The suppliers of semiconductors are Tier 2 or 3 suppliers in an automotive or electronic supply chain, engaged in Assemble, Test and Package (ATP). They supply to Tier 2 component suppliers or Tier 1 suppliers of sub-assemblies. Upstream from semiconductor suppliers are the ‘foundries’, where silicon wafers have circuits etched, then the wafers are cut into chips for ATP. The suppliers at each tier have their suppliers of designs, materials and equipment, which provides for complex and global supply chains for brand companies.

When demand for computer chips was increasing, due to ‘work from home’ directives under COVID 19, the supply of materials was allocated to consumer electronics, given the low level of sales to automotive. When it became evident that the output of vehicles would be limited due to the shortage of semiconductors, brand companies in other sectors took action in their markets by delaying the launch of new products and allocating products to retailers. They also influenced their Tier 1 and 2 suppliers to increase orders for semiconductors – Just in Case!

In normal times, the lead time for a semiconductor order is more than three months. As capacity remains the same, lead times have been increased and the delays will affect the output of finished products. If the orders for semiconductors continue to increase as a reflection of increased lead times, the availability of consumer finished products will be affected until there is a ‘circuit-breaker’ in demand or supply.

For demand, there could be a reduction in consumer interest, as they experience long lead times for deliveries and the inability to negotiate prices or terms. For supply, capacity can be increased through building new foundries and factories, which has commenced with announcements of potential investments in the US and Europe. New capacity could therefore be available in late 2022 onwards, which means another18 months of disruption. However, the effect will only be known after the additional capacity is made available – has demand really increased, or will new capacity remain idle?

Addressing the Lead Time Syndrome (LTS)

While the LTS problem can be described, a systems based ‘solution’ is currently not available, but actions can be taken to ensure that lead times can be met. The three ways to enable lead-times for customers is through available capacity, inventory or reducing time in Operations. To reduce throughput time consider:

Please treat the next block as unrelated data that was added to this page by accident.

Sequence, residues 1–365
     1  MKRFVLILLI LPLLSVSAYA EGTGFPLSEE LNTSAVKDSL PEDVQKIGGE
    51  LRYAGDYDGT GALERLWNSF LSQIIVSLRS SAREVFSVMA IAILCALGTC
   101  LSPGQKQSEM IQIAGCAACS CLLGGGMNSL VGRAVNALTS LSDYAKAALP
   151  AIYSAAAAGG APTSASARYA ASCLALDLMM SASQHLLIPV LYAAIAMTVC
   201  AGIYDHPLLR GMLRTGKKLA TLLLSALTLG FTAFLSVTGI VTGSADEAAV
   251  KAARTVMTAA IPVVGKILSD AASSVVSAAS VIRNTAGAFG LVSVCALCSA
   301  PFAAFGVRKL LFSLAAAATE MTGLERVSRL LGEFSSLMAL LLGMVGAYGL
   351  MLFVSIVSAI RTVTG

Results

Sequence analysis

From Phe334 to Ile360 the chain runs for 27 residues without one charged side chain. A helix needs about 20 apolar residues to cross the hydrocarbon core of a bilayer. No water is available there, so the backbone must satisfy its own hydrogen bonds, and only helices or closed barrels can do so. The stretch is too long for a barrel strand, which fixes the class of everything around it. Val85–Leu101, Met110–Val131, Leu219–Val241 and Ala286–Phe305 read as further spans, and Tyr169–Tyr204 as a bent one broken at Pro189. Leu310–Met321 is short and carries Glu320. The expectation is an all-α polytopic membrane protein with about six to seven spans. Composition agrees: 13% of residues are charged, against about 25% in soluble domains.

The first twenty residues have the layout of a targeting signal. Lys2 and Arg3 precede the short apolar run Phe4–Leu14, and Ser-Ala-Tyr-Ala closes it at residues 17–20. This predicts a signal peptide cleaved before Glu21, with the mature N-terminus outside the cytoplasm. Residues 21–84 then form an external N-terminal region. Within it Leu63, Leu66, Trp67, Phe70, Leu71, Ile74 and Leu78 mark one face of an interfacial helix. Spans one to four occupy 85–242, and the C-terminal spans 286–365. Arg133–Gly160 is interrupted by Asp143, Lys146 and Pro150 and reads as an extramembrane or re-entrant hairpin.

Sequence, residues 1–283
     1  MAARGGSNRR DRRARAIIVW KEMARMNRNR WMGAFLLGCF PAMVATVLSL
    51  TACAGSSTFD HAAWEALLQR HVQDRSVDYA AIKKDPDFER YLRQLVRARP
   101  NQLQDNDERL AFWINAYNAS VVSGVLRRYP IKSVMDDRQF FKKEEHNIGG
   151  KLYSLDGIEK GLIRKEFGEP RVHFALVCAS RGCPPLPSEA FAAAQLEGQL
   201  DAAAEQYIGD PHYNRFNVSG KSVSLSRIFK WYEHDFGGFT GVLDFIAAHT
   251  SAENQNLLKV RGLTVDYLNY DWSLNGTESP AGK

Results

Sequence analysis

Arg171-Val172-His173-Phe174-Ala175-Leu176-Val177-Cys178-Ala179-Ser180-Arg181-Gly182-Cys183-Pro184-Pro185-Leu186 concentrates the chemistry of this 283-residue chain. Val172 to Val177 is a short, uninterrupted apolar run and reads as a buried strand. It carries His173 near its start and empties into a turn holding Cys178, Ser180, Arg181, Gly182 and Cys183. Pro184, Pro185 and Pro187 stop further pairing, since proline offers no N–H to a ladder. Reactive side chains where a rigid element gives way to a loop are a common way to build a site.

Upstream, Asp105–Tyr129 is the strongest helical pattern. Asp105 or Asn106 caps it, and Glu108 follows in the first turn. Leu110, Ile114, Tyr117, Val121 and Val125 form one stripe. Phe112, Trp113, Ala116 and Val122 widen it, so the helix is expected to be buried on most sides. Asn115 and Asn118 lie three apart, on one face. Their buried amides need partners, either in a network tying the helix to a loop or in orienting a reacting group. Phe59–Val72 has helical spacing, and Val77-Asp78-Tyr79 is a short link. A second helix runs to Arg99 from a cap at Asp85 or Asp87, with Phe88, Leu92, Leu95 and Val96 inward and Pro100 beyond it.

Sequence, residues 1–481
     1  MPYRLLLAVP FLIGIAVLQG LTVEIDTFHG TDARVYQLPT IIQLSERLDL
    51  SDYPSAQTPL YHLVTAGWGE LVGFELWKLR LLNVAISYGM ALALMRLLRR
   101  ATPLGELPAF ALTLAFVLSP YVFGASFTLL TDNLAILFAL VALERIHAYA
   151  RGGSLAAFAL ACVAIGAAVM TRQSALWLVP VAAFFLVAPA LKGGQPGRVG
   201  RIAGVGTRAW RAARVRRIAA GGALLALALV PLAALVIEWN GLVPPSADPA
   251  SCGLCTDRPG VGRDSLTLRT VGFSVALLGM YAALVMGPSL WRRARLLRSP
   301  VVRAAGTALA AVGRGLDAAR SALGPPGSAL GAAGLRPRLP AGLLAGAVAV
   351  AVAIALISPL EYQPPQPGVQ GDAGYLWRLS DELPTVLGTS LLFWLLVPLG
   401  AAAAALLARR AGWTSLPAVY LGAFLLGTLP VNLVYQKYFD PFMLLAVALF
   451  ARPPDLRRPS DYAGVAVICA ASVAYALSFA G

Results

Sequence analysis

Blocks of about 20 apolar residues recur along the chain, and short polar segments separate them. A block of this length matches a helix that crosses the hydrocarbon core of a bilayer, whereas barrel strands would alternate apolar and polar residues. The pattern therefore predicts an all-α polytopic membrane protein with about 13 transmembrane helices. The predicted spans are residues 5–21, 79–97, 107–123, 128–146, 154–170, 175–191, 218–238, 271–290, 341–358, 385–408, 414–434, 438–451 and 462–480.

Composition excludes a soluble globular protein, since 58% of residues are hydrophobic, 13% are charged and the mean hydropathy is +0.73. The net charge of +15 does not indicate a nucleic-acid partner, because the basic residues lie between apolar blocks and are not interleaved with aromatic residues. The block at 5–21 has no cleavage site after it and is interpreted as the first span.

• The Theory of Constraints enables planners to identify bottlenecks in operations
  • Within each planning slot or bucket the total time (or load) consists of:
    • Productive work – the processing time
    • Non-productive work, including time for set-up, cleaning and waiting. Single minute exchange of dies (SMED) should be the aim for set-ups. Wait time (for resources to be available) should be another focus for improvement. Manage the overall equipment efficiency (OEE) to have the productive capacity available

To reduce the impact of demand fluctuations, supply chain professionals need to understand their supply network. It is a complex, adaptive systems (CAS) which cannot be ‘managed’, but only analysed to enable a better understanding for possible actions to be taken.

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About the Author

Roger Oakden

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With my background as a practitioner, consultant and educator, I am uniquely qualified to provide practical learning in supply chains and logistics. I have co-authored a book on these subjects, published by McGraw-Hill. As the program Manager at RMIT University in Melbourne, Australia, I developed and presented the largest supply chain post-graduate program in the Asia Pacific region, with centres in Melbourne, Singapore and Hong Kong. Read More...